Dr. Stork: We’re bringing you the latest ways
to end migraines, banish blemishes and live longer by catching problems early on. Next
up migraines-Rachel is desperate for help. Rachel: Hi doctors-for the past two years
I’ve had horrible migraines. My head hurts 24 hours a day, non-stop and it feels like
my brain is exploding inside my head. I can’t go anywhere with my friends because bright
lights and loud noises make it so much worse. I tried all kinds of medications but nothing
seems to help. Please help me. Dr. Stork: If you never had one-everyone wonders
what is a migraine feel like? Millions of people suffer from the pain and it can be
so excruciating people literally say it feels like is smashing their skull into a million
pieces. We love demos on this show. Imagine you were dealing with a migraine headache-it
literally does feel like someone is smashing your skull. It is so painful and throbbing
that a lot of times when people are suffering from a migraine headache they can do nothing
but lay in a dark room and hope the pain goes away.
Now, what causes a migraine headache? There are a lot of different theories but the one
thing we do know is there a lot of different triggers. It can be lights, it can be smells-even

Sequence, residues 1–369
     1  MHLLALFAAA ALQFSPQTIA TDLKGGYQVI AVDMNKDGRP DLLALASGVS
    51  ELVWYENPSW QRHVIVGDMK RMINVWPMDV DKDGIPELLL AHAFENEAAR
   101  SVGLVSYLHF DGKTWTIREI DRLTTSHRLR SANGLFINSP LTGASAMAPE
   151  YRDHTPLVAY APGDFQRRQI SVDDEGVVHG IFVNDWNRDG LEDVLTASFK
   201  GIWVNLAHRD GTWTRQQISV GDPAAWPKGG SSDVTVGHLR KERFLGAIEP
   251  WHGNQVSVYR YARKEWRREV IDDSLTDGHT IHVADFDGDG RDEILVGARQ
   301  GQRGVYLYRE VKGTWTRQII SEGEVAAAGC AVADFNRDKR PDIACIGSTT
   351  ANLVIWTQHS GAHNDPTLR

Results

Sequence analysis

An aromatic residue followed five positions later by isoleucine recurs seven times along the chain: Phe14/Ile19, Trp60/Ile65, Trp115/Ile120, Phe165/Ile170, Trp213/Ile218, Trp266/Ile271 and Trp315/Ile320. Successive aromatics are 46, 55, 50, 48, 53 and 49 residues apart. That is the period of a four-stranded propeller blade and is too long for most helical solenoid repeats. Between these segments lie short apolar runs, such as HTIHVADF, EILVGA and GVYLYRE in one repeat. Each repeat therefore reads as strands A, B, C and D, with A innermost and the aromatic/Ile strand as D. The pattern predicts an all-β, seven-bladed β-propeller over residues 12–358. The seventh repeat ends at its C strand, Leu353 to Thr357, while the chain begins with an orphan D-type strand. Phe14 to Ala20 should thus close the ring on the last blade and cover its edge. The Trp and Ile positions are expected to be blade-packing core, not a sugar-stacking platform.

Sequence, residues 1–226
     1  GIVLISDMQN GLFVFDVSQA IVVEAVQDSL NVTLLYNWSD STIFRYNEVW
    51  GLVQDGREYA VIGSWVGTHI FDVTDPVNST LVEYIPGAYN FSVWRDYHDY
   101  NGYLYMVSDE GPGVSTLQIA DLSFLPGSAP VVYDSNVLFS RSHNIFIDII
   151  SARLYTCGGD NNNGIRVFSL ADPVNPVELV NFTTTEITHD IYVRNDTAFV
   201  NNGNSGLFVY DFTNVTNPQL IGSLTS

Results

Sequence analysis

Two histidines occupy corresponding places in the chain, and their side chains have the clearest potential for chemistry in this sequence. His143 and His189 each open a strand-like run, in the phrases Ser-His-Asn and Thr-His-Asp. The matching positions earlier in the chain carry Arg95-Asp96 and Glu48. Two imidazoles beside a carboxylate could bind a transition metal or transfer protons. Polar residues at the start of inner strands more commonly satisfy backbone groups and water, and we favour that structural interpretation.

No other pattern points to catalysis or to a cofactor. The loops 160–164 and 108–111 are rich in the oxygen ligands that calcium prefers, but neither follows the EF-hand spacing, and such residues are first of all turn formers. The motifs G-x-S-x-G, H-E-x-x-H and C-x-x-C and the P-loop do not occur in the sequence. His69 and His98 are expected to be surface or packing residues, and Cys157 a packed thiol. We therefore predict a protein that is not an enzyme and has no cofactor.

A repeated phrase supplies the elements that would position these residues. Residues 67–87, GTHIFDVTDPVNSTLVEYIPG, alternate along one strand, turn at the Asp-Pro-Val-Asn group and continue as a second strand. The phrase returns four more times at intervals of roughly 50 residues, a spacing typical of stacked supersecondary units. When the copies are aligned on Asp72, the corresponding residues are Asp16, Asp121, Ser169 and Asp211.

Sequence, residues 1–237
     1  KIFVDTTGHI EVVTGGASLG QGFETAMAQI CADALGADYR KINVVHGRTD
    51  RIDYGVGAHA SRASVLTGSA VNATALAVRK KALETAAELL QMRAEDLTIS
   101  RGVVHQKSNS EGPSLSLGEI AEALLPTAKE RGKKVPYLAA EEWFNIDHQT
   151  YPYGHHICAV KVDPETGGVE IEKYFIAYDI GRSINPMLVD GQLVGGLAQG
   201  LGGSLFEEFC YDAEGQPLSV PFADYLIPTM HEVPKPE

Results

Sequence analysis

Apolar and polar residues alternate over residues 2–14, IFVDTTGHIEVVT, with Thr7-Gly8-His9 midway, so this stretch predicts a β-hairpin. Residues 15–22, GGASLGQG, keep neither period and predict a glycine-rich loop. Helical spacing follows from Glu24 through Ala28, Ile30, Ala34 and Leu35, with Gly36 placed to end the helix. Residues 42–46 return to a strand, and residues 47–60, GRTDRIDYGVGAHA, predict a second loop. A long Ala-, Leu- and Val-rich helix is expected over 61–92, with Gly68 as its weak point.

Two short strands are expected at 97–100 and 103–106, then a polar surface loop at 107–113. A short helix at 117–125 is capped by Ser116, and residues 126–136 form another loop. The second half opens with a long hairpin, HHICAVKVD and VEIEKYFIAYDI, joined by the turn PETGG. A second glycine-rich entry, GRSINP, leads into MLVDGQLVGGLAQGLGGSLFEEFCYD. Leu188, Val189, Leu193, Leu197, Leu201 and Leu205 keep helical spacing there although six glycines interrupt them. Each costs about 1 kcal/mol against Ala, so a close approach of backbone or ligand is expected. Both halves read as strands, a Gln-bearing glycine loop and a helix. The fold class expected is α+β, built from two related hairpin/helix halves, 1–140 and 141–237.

certain foods-the weather can bring on migraine headaches for certain people. Again, different
theories-one is that the trigeminal pathway-nerves get excited-they release a lot of chemicals-substance
P-has an effect on your blood vessels that line your brain.
. What it does is it causes these blood vessels to dilate and what that does is it sends these
throbbing pain signals that cause the symptoms of a migraine headache that can be so debilitating-but
luckily there’s a new procedure and it’s offering hope to many migraine sufferers just like
Rachel and our cameras followed her into the OR as surgeons implanted a small electrical
pulse device into her head. Dr. Reed: Ok, we are going to make small incisions
in her head here and we’re going to put in four leads-two in the front-two in the back.
When the unit is turned on it generates a mild electromagnetic field that will stimulate
these nerves that will ease her headaches. We always anchor these leads to the deep tissue
so they don’t move. Now we’re placing what we call the introducer.
It’s just a little hollow plastic tube-we pass this directly under her skin to just
right in the middle of her nose. This one’s going in directly above and parallel to her
right eyebrow-now we’re going to pass it over to the right ear and then pass it down and
connect up to where the battery is. What I’m holding in my hand are the in points of the
two leads that we place over her forehead; one above each eyebrow. We’ll end up having
four of these wire leads coming from two from the front, two from the rear.
What we have here is we have an incision in the upper outer gluteal region and this is
the battery we implant. This will go in a little subcutaneous pocket. We have the two
wires in the forehead-we have those passed back and are connected now to the battery.
We have all four of our leads ready to go. Now the circuits’ complete and the battery
will place right back in the little pocket we have fashioned earlier for it. When we
close it up you will not be able to see it at all.